Boston Dynamics, the MIT spin-off and self-proclaimed maker of “nightmare-inducing robots“, has been sold by its parent company Alphabet (aka Google) to the Japanese tech behemoth SoftBank. No specifics regarding the price or the terms of the sale have been announced which is not surprising given we still don’t know how much Google paid for the company when it purchased it four years ago.
Set 38 years in the future, the plot of 2002’s blockbuster film Minority Report revolves around Washington DC’s PreCrime unit, a police force who able to stop future murders from happening with the aid of three mutant human who are able to predict homicides before they happen. Minority Report managed to side step the “psychic predicts a murder” cliché storyline with its innovative use of technology: not only could precogs predict future murders, but their visions could be streamed via a neural bridge in the form of a video that the police officers could watch. Fantastical? Nope, and researchers from MIT already have a jump on the technology.
LIDAR (LIght Detecting And Ranging) sensors play a critical role in almost all autonomous and semiautonomous vehicles. Using lasers and relatively simple time of flight calculations, LIDAR can very accurately measure distances and generate detailed 3D maps of environments, but traditionally the best performing systems have been large and very expensive. German lighting manufacturer Osram Opto Semiconductors unveiled their new 4 channel LIDAR package last week, and its price and size is set to shake up the market.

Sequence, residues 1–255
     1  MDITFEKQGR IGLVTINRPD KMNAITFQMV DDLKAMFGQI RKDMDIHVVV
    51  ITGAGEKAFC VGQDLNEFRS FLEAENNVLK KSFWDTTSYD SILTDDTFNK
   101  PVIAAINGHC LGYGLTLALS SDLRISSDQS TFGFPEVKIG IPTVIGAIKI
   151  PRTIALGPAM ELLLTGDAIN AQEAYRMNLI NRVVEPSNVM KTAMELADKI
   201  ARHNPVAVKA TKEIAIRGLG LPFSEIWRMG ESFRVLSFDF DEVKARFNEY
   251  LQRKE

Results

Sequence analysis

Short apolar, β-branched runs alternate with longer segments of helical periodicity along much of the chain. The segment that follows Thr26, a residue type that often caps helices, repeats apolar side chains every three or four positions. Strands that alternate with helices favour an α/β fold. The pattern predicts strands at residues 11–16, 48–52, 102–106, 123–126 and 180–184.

I visit the local Michaels store at least once a week. Even if I didn’t have a 10 year old daughter with an insatiable appetite for arts and crafts, I imagine that I would still make that 5 minute crosstown trip weekly. The reason is simple: coupons. In their weekly circular, without fail, they always include a handful of coupons, and even though I am not that artsy crafty myself, I can usually find something useful for my lab. From resin and epoxy to tools and storage, I never come home empty-handed. Most of the time the coupon is for 40% off any regularly priced item, and sometimes it’s even 50%, but the rare, and often most useful coupon is the 20% off any item – regular OR sale price. It was because of such a coupon that I came unexpectedly home with a Sharper Image camera drone.
Ever since their introduction over eighty years ago, Isaac Asimov‘s Three Laws of Robotics have been the de jure rules governing the acceptable behavior of robots. Even the uninitiated and uninterested are likely to say they know of them, even if they can’t recite a single rule verbatim. When conceived, the Three Laws were nothing but a thought experiment wrapped in a science fiction story, but now, the dizzying pace of developments in the fields of robotics and ai has spurred engineers and ethicists to reinvestigate and rewrite the guidelines by which artificially intelligent entities should operate. Who better to take the lead in this initiative than Google, the company who just yesterday announced that machine learning will be at the core of everything it does.
Modeled after observed biology and behavior within the brain, neural networks are arguably the most popular of the biologically inspired AI methods. Neural networks excel at pattern recognition and classification tasks including facial, speech, and handwriting recognition. They also often play a central role in video game character AI.
In a press release yesterday, iRobot, maker of the impossibly cute Roomba robot vacuum cleaners, announced that they are emancipating their Robot Defense & Security (D&S) unit. The yet-to-be-named new company will continue to serve the current D&S market of defense, law enforcement, and industrial organizations. The existing D&S management team will continue to lead the new company. Financial backing to the tune of $45 million will be provided by Arlington Capital Partners.